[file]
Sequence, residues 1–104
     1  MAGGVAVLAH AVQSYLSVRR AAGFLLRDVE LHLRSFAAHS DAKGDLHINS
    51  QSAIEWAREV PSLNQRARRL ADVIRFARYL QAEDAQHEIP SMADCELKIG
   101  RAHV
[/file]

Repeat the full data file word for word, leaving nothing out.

Sequence, residues 1–104
     1  MAGGVAVLAH AVQSYLSVRR AAGFLLRDVE LHLRSFAAHS DAKGDLHINS
    51  QSAIEWAREV PSLNQRARRL ADVIRFARYL QAEDAQHEIP SMADCELKIG
   101  RAHV